When my husband retired more than ten years ago, I decided he needed a dog to keep him company. After some internet research, he selected a Cairns Terrier. Enter Max, the dog. For the next four years as I continued to work full-time, Paul and Max became pals through and through.
When I retired, I joined the “boys” while looking for new ways to engage my brain. I had always enjoyed dogs and training them came naturally to me. I seized upon the idea of getting another dog, one that I could train exclusively for the purpose of bringing joy to those trapped by illness or old age, an emotional support dog – enter Harry. Max, however, was not amused.
While not overly aggressive towards Harry, Max was not eager to engage in playful pursuits. Things were okay as long as Harry stayed out of Max’s way. I was hopeful that over time the two dogs would bond.
Meanwhile, our routine of sending Max to daycare twice a week continued, thus giving me exclusive time to train Harry, first in obedience then in other skills needed for outbound comfort activities as he matured.
But life is never a straight line from point A to point B and we were about to suffer a heavy blow.
Max returned home from daycare one day not long after Harry’s arrival displaying anxious behavior. I cannot and will not for my own sake describe what the next 36-hours were like. Suffice to say, by the end Max became a memory. He’s prognosis and rapid decline left us devasted in a way we could not have imagined.
Returning home with one empty crate and the other holding a tiny creature somewhat bewildered by the sounds emanating from deep within my body, we entered the house. We closed the door, pulled the shades, barely ate, or spoke, and spent the next week isolated from the world as we mourned Max and tried to care for Harry.
Harry’s presence those first few days after losing Max felt like a massive intrusion to our grieving. We provided food and a safe environment for the months old puppy. We gave him exercise and instruction. As for my forming an attachment, well, that seemed impossible. We just wanted Max back, alive and well and beside me.
As the days passed and the demands of living drew our attention back to the present, we got on with it. Harry looked into my eyes as if saying, “Love me. I need you.” I let go of what I could no longer have and drew Harry close.
For his part, Harry had simply been waiting. That’s what dogs do, even puppies. He observed us and waited for us to realize he was there and more than ready to be our private emotional support dog. As each hour passed, he found new ways to seduce me into not just taking good care of him, but loving him. Dogs can be great healers when they get the chance.
And so everyday Harry proved himself capable of drawing me out of my self-imposed prison of grief and into the world of sunshine, ball tossing, walks, and lots of hugging and patting. Although I had brought Harry into our home to become a trained support dog to others, he hadn’t needed training to heal our wounded hearts.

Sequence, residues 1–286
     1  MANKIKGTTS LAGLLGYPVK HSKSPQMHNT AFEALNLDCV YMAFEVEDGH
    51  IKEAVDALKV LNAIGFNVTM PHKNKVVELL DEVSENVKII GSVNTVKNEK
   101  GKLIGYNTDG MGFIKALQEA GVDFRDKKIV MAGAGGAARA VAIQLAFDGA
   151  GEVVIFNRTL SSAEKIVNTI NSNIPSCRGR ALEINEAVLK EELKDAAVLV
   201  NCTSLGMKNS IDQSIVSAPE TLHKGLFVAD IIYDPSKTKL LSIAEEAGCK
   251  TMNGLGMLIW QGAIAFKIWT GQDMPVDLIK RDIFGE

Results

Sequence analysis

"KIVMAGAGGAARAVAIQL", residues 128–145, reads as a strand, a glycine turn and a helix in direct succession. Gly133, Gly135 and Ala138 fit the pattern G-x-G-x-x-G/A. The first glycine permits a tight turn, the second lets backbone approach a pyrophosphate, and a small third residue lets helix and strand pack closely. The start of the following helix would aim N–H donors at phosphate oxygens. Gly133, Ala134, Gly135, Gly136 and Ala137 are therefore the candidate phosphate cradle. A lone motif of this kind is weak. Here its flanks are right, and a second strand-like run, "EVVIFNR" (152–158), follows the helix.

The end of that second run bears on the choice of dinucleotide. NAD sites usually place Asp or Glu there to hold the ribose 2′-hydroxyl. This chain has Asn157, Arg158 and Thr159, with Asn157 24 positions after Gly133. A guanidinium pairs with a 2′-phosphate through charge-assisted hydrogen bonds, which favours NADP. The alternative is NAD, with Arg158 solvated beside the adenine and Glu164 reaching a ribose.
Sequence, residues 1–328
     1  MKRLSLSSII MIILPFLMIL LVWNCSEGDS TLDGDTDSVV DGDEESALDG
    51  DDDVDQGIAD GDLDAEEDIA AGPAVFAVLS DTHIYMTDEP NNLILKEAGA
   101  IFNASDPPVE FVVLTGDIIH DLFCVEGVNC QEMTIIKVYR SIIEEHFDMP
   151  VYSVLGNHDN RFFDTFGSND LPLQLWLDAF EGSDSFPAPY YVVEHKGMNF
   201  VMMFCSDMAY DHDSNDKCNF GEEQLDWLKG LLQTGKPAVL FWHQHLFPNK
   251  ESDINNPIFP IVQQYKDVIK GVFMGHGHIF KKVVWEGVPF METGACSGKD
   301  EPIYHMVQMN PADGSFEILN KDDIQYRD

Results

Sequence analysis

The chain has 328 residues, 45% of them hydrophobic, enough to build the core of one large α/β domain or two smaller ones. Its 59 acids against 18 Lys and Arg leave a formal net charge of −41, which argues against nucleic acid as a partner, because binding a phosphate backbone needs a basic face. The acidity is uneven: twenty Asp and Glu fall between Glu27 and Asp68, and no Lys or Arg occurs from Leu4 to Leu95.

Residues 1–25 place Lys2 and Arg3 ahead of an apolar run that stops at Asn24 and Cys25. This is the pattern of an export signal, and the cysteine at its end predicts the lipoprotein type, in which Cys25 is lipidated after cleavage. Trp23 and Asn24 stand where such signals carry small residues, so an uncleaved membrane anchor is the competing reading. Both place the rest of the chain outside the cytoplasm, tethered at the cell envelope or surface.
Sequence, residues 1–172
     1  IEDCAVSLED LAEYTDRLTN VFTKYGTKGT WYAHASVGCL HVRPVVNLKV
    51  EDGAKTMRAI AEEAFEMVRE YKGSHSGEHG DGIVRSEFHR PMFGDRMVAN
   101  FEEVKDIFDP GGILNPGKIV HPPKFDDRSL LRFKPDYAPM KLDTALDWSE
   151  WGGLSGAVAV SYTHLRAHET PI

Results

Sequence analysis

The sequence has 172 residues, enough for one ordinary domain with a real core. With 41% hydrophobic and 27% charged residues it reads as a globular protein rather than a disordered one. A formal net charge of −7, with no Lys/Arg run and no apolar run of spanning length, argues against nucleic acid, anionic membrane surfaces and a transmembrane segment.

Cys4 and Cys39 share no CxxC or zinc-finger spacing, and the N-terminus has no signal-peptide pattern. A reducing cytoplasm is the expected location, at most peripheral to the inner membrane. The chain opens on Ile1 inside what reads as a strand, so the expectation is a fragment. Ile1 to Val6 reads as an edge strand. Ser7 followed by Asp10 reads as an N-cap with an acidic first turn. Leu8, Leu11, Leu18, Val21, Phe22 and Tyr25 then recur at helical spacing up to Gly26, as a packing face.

As if knowing I needed more attention than Paul, he followed me everywhere around the house, learned the rules of good housekeeping almost overnight, and was not overly demanding most of the time. But he was present and watching and ready.
I would take him to the nursing home and place him in the laps of residents whose wilted spirits would brighten, if only for a moment. My mother in her diminished capability to enjoy life perked up when Harry laid beside her. He was a lover not a fighter for sure.
Ma passed and Harry was once again pressed into the role of grief counselor. But as sure as I had been that he and I would continue to work towards providing joy to others, I couldn’t bring myself to continue visiting nursing homes. First Dad then Ma. It was too hard to consider and so I abandoned the idea of training Harry for the benefit of other people. Selfishly, he would be all mine.
Harry is a joy and has completely filled our need to have a pet in our lives. I do share Harry with Paul and Harry knows the deal. He knows who is going to take him out at 8:00 pm or 3:00 am, and who is going to feed him breakfast. He knows who is truly in charge and who he can trick into passing down those cookies.
For the past six years, Harry has proven he belongs with us: we are a pack. So when he recently blew out his ACL chasing a ball in the backyard, we went to work reorganizing our lives to accommodate our Harry.
As I write, he is tucked beside my hip resting, occasionally looking up as if to say, “When will this be over?” The vet said it may heal, but that the knee will always be a weak spot now, “No more chasing a ball … he’s now a senior citizen in spite of his age.” It was like a hammer came down on us.
Paul and I are committed to do all we can to give Harry a long and comfortable life. You may see us soon in Mattapoisett village pushing a dog stroller with our Harry riding inside. He’s got 12 weeks of recovery, then a lifetime of low-key living nestled in our love. We’ve become his emotional support system in his time of need. Paul and I have overcome our ego driven sense of feeling ridiculous pushing a stroller holding a dog. We’ll get through this; Harry knows how to wait.
This Mattapoisett Life
By Marilou Newell